Reflecting on the two mindsets is not something that should be done quickly. We need to take the time and look at all areas of our life and see what type of mindset comes to the surface. Many people give but still have a scarcity mindset. On the other hand, there are many who are generous but don’t have a lot of resources. The mindset has nothing to do with our bank account, it has everything to do with our actions.
My badge was big and shiny and I wore it for years for all to see. What badge was it? The Crazy Busy Badge!
For too many years, I wore this badge with pride. My imaginary badge of busyness was a way of letting everyone know how important I was and how much my life mattered. The badge also gave me a personal satisfaction that I was a good person. There was a sense of accomplishment when things were crazy because I got a feeling that I must be really making a difference. The badge of busyness, makes us feel these things, but the reality we have to face is that those feelings are lies.
We are well into the new year and already many resolutions have been left behind. The guilt and shame that accompany the failure of a resolution are real and painful. Many people just stop trying to change and they settle for what they are and decide that change is impossible. Excuses are made and their life fills with self-justifications for not changing. They say things like, “People should just love me the way I am.”
Everything was falling apart! I had put an event together and had tried to do everything myself. I was playing the part of superman and was failing miserably. Details had been forgotten and that awkward feeling of everyone standing around waiting for something to happen hung in the air.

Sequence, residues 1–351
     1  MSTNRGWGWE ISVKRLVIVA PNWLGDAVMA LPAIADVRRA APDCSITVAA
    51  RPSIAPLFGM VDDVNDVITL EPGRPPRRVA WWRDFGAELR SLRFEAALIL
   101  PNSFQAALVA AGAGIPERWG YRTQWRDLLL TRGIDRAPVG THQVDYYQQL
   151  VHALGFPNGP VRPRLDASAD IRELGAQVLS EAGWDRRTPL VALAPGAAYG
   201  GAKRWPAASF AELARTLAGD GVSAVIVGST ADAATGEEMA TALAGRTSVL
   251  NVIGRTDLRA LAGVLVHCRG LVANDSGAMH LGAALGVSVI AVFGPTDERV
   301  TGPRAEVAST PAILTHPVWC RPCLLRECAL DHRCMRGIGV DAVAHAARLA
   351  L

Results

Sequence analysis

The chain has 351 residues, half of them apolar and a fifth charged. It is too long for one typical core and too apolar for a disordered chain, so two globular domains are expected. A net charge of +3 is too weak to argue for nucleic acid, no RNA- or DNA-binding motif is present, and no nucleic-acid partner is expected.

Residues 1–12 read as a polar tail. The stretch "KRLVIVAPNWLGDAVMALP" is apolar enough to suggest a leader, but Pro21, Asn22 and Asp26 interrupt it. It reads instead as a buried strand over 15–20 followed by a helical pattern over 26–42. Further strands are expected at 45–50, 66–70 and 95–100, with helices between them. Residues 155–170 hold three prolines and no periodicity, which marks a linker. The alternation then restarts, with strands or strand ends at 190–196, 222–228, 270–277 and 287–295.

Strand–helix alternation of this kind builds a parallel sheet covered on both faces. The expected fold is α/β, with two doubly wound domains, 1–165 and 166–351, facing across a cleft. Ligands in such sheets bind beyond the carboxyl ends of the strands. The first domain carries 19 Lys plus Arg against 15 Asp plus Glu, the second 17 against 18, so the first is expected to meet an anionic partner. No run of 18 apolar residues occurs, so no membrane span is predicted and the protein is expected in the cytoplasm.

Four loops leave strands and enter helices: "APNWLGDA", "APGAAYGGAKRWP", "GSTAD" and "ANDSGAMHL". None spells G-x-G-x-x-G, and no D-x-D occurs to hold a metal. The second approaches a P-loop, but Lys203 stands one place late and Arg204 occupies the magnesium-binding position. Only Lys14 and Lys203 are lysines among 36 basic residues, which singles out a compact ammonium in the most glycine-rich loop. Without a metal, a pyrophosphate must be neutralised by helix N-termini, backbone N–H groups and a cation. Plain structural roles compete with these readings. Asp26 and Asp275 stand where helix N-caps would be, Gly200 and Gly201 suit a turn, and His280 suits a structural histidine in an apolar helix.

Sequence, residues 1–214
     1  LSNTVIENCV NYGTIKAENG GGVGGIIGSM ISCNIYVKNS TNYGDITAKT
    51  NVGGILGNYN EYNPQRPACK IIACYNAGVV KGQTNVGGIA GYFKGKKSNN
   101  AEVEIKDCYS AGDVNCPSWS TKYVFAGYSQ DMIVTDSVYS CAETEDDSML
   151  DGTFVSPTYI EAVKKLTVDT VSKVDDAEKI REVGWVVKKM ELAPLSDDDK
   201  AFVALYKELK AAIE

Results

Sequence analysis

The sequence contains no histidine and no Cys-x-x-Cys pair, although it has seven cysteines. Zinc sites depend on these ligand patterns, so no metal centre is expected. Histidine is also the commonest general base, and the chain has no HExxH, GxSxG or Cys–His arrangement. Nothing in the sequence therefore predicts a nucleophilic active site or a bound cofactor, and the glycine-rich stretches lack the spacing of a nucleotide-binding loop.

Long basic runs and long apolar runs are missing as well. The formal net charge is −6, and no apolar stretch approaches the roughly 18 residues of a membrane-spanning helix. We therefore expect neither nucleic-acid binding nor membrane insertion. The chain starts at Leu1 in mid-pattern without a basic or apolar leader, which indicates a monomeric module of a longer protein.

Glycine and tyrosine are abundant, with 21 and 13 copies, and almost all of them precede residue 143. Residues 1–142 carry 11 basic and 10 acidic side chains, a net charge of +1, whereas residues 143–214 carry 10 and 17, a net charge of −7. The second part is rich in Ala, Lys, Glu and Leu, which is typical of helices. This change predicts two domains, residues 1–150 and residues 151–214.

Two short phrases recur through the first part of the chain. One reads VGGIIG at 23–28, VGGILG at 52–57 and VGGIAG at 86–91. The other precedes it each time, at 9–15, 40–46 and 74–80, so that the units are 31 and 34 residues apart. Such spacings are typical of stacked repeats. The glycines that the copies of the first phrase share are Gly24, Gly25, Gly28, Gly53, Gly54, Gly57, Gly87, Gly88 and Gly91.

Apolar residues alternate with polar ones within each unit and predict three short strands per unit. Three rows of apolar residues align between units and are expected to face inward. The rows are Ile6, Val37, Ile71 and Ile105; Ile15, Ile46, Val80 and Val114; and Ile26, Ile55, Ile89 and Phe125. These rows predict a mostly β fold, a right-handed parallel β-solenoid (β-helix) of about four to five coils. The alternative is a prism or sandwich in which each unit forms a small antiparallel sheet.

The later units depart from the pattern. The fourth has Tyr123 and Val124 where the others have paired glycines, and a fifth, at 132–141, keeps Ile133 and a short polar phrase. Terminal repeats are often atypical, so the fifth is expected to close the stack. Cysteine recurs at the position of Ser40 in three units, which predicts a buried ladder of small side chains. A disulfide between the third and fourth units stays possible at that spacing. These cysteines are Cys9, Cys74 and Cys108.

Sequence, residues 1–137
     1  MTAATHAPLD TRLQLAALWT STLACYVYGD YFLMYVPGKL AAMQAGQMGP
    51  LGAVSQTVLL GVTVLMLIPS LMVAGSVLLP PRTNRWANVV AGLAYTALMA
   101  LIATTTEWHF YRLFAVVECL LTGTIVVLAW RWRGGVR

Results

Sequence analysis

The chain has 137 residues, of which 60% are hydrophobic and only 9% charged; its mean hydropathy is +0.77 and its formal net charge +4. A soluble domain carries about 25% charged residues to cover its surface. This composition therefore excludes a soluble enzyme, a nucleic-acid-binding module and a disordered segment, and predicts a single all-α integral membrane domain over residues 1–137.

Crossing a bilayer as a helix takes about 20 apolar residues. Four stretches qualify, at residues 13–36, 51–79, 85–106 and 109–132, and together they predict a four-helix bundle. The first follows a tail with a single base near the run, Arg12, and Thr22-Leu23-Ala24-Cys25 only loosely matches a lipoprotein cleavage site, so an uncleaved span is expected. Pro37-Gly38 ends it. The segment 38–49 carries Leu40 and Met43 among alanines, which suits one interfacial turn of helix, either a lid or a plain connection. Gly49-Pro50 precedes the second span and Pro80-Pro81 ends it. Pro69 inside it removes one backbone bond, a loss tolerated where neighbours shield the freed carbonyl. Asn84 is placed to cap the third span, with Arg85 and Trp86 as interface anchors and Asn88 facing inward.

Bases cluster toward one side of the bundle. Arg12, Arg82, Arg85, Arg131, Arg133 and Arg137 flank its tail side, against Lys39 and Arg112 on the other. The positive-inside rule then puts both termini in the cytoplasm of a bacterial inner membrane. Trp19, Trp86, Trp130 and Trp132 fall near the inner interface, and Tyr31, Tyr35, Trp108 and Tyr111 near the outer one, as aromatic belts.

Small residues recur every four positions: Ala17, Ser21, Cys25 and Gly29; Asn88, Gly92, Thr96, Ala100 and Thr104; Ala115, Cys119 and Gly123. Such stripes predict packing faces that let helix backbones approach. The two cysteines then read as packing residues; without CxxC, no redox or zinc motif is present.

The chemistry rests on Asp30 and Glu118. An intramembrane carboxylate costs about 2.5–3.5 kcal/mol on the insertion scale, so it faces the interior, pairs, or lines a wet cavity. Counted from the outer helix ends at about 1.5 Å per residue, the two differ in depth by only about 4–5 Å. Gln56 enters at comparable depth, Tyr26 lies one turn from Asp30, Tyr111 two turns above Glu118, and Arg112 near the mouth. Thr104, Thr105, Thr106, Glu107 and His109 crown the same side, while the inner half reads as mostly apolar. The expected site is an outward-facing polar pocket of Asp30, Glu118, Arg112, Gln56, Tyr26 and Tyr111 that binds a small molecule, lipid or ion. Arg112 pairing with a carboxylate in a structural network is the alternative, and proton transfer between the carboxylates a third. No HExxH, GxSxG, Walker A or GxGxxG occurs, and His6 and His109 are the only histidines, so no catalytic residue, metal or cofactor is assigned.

Sailing too close to shore is a condition that affects many of us today. We have been hurt or we have failed in the past so we stay close to shore. We fear trying new things or stepping out of our “safe” zone. Justifications appear from many supposed legitimate areas, but in the end we are just making excuses.
The air was crisp and the faucet was dripping. Temperatures outside were in the teens and this southern boy was in the midst of a battle. The bed is never as comfortable as it is in the early morning. Especially when the early morning promises nothing but insanely cold weather.
The feelings crashed over my like a wave at the beach: FAILURE! This describes the way I was feeling recently when I was reviewing the list of goals I made last year. I felt like a failure because out of a list of 10 goals, I only accomplished a couple of them and that is giving myself a lot of grace.
Soap Opera’s have nothing on College Football during this time of year. We see the coaching carousel in full swing. Watching everything unfold is fascinating mainly because you see the different cultures that schools and teams can have. Ministry is the same way.
I was brought in to “grow” the church. Just a little bit of pressure for a young minister who thought he knew exactly what to do. The pastor wanted me to grow the youth ministry and teach classes to help turn the whole church around. I really thought I could do it! Needless to say, what I thought would be a crowning achievement for my personal legacy turned into a large weight around my neck.
How often has this happened to us. We get done with a great dinner with people we enjoy and once we are home we head to our bathroom look in the mirror and see the largest piece of pepper sitting between our front two teeth! We are amazed at how it looks and we are amazed that we did not have a friend tell us. The truly amazing thing is we wouldn’t have seen the pepper if we didn’t have a mirror with a reflection. Reflections from mirrors can help us only if we look at them. They do not do any good if we ignore them. How much is that like our life? Are we too busy today to even sit and reflect?